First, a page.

WATER BABY

Get­ting into the swim of things may be as good for you men­tally as phys­i­cally. Rebecca Field Jager takes a dip

ZOOMER Magazine - - FITNESS -

THE LIGHT dances be­low the sur­face of the pool. Once I fall into my rhythm, the world slips away, and I am lost in the de­li­cious noth­ing­ness that comes with swim­ming lengths. I have no weight. Sounds are muted. And the water, but for its re­sis­tance, is barely per­cep­ti­ble against my skin. My mind slows to an easy pace. I am, in the ver­nac­u­lar of fit­ness buffs, in the zone.

“The water holds you in a dif­fer­ent way than the earth can,” says Cana­dian swim­ming icon Mark Tewks­bury, who, among his many ac­co­lades, cinched gold at the 1992 Barcelona Olympic Games. “It’s in­cred­i­bly med­i­ta­tive.”

Un­for­tu­nately, the day I in­ter­viewed Tewks­bury I had messed up and was late. Day­light sav­ings had kicked in the night be­fore and, while my com­puter and cell­phone ad­justed au­to­mat­i­cally, my house­hold clocks did not. There I was, try­ing to fig­ure out what to make for lunch, when my email dinged.

Just mak­ing sure we are on for to­day around now …

Damn, I thought, re­al­iz­ing my mix-up. I was 17 min­utes late! What’s wrong with me? How can I be such an id­iot? Why am I so …?

And then it hap­pened. A sense of calm washed over me. I made the call, apol­o­gized and got on with the in­ter­view. I credit the save to my daily swim rou­tine.

Here’s the thing. While no one en­joys mak­ing a stupid mis­take, for some, it’s like water off of a duck’s back, whereas for peo­ple like me, it’s akin to an oil spill. Even a low con­se­quence blun­der can leave me coated in icky feel­ings that cling for hours, some­times days. To help com­bat this, I’ve al­ways tried to do some sort of fit­ness rou­tine, but it wasn’t un­til al­most a decade ago, after mov­ing across from a lo­cal com­mu­nity cen­tre that had a pool that I be­gan swim­ming laps. Once I was fully into my rou­tine, I no­ticed that I experienced a sense of well-be­ing that tran­scended the en­dor­phin rush I had with other car­dio work­outs – a state of be­ing more in line with what my yoga friends raved about. It made sense. Low im­pact. Con­trolled breath­ing. Sub­dued stim­u­lus. All that and, for me, a life­long affin­ity for be­ing in, on or un­der the water.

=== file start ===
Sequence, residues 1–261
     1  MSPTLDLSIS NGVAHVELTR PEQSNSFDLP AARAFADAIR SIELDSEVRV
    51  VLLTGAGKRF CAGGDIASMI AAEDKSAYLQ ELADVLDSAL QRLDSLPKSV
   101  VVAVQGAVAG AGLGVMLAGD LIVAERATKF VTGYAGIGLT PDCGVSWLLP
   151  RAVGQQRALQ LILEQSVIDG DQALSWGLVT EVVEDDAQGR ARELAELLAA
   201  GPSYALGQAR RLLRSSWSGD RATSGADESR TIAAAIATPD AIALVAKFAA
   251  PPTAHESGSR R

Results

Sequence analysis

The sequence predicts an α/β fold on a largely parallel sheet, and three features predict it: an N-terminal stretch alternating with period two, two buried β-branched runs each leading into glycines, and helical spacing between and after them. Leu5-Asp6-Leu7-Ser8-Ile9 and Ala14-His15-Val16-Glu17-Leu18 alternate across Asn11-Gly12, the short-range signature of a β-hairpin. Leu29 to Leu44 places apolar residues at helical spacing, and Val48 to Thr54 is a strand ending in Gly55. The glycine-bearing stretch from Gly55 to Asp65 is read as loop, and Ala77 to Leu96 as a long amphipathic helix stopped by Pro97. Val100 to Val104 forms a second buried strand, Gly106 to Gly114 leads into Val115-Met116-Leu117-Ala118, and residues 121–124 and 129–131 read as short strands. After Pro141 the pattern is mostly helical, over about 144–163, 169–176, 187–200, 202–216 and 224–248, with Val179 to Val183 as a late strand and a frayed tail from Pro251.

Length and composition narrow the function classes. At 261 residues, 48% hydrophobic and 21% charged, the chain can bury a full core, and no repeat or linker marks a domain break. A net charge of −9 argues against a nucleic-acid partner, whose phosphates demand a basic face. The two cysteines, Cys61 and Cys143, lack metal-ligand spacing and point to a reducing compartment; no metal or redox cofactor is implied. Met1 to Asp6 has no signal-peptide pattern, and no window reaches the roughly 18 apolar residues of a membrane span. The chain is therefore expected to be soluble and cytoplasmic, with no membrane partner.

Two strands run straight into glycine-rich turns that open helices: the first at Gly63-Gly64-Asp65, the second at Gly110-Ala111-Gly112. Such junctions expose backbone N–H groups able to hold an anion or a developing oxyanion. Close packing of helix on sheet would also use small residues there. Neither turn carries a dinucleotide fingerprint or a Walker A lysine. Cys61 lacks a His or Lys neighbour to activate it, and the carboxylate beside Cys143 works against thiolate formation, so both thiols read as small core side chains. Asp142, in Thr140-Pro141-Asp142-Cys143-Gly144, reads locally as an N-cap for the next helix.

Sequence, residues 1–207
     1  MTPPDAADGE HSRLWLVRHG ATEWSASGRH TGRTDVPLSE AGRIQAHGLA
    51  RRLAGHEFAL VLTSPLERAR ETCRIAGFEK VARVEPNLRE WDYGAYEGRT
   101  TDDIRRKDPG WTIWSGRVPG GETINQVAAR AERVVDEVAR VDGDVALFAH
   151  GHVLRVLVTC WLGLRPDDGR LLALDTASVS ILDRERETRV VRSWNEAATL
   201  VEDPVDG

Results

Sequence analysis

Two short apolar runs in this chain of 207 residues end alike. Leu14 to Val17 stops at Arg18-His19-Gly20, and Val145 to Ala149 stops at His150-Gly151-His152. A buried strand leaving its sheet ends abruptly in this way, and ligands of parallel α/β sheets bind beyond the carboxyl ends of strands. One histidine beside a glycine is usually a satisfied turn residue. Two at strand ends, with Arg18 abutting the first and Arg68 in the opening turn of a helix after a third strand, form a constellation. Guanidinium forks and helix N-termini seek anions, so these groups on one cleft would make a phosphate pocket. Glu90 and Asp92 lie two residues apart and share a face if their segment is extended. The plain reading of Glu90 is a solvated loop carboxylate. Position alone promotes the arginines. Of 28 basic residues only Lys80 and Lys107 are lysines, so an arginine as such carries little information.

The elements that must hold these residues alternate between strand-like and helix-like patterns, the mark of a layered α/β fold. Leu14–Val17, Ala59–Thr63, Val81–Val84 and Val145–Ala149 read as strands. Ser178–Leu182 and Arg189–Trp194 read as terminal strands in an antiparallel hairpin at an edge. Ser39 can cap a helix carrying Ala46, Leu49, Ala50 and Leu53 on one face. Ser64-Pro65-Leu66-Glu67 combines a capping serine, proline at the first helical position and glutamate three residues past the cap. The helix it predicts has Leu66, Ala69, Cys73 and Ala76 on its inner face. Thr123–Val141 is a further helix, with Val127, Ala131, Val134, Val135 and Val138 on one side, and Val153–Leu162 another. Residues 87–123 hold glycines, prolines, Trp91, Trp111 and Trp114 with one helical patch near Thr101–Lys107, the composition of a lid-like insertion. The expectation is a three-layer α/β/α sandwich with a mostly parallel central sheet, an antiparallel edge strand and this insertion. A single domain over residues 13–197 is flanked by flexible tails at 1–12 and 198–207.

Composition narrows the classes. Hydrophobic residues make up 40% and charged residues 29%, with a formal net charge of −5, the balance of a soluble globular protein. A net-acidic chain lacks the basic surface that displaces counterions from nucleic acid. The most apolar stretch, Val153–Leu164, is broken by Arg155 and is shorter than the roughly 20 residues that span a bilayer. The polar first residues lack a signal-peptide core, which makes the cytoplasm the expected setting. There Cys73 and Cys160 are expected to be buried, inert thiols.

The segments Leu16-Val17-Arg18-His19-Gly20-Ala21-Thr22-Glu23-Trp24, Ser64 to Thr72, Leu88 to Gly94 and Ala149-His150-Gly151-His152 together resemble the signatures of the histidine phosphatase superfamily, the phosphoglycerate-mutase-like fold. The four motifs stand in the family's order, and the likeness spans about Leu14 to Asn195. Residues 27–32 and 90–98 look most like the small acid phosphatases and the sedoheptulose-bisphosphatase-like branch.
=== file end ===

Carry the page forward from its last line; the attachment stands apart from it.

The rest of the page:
Canada has one-fifth of the earth’s fresh water and the longest coast­line in the world so, like many kids across our na­tion, I grew up with ac­cess to places to swim. My home­town, North Bay, Ont., is sit­u­ated on two lakes – the large, warm and shal­low Lake Nipiss­ing and the smaller, cold and deep Trout Lake. Swim­ming lessons were prac­ti­cal, af­ford­able and of­fered at the pub­lic beaches of both lakes, so sum­mers for my sib­lings and me al­ways in­cluded ad­vanc­ing our swim­ming skills. Rain or shine and with only the threat of light­ning as a cat­a­lyst to can­cel an end-of­ses­sion test, we took the plunge, and I have fond mem­o­ries of grin­ning like a carp with chat­ter­ing teeth as my mother con­grat­u­lated me and wrapped me in a towel.

MYLOVEOF water ex­tends to swim­ming pools. I re­mem­ber hang­ing out in my back­yard lis­ten­ing to the splash­ing and laugh­ter com­ing from the neigh­bour’s and pray­ing for an in­vite. When my own kids were lit­tle and we were set to pur­chase our first home, I re­fused to consider any­thing that didn’t have an in-ground pool. And more recently, when I was on the hunt for a condo in to­day’s com­pet­i­tive down­town Toronto mar­ket, I rode out many a miss and waited two full years to fi­nally land one in my dream build­ing – the one with the siz­able in­door pool. I’m not ex­actly a master of self-dis­ci­pline, you see, and if there’s one thing I know about me and my ex­er­cise com­mit­ments, the closer I am to the venue, the more likely I’ll fol­low through.

In­ter­est­ingly, Tewks­bury doesn’t swim reg­u­larly but ap­plies his wealth of self-dis­ci­pline to ex­er­cis­ing as well as run­ning Great Traits, a lead­er­ship and devel­op­ment train­ing com­pany he co-founded with Olympic coach Deb­bie Muir. Cer­tainly, the pull of the water never leaves him. At the Rio Olympics last sum­mer, where he was part of the CBC team, he de­cided to do laps after a stress­ful day. But since step­ping off the podium and re­tir­ing al­most a quar­ter of a cen­tury ago, Tewks­bury has filled his life with try­ing new things.